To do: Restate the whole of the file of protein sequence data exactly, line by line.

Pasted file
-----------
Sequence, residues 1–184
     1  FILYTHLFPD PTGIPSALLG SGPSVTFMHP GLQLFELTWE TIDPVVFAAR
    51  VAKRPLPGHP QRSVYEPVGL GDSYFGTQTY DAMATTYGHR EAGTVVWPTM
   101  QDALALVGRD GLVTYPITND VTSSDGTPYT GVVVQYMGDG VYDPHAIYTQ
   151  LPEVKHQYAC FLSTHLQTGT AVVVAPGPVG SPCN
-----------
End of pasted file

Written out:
Sequence, residues 1–184
     1  FILYTHLFPD PTGIPSALLG SGPSVTFMHP GLQLFELTWE TIDPVVFAAR
    51  VAKRPLPGHP QRSVYEPVGL GDSYFGTQTY DAMATTYGHR EAGTVVWPTM
   101  QDALALVGRD GLVTYPITND VTSSDGTPYT GVVVQYMGDG VYDPHAIYTQ
   151  LPEVKHQYAC FLSTHLQTGT AVVVAPGPVG SPCN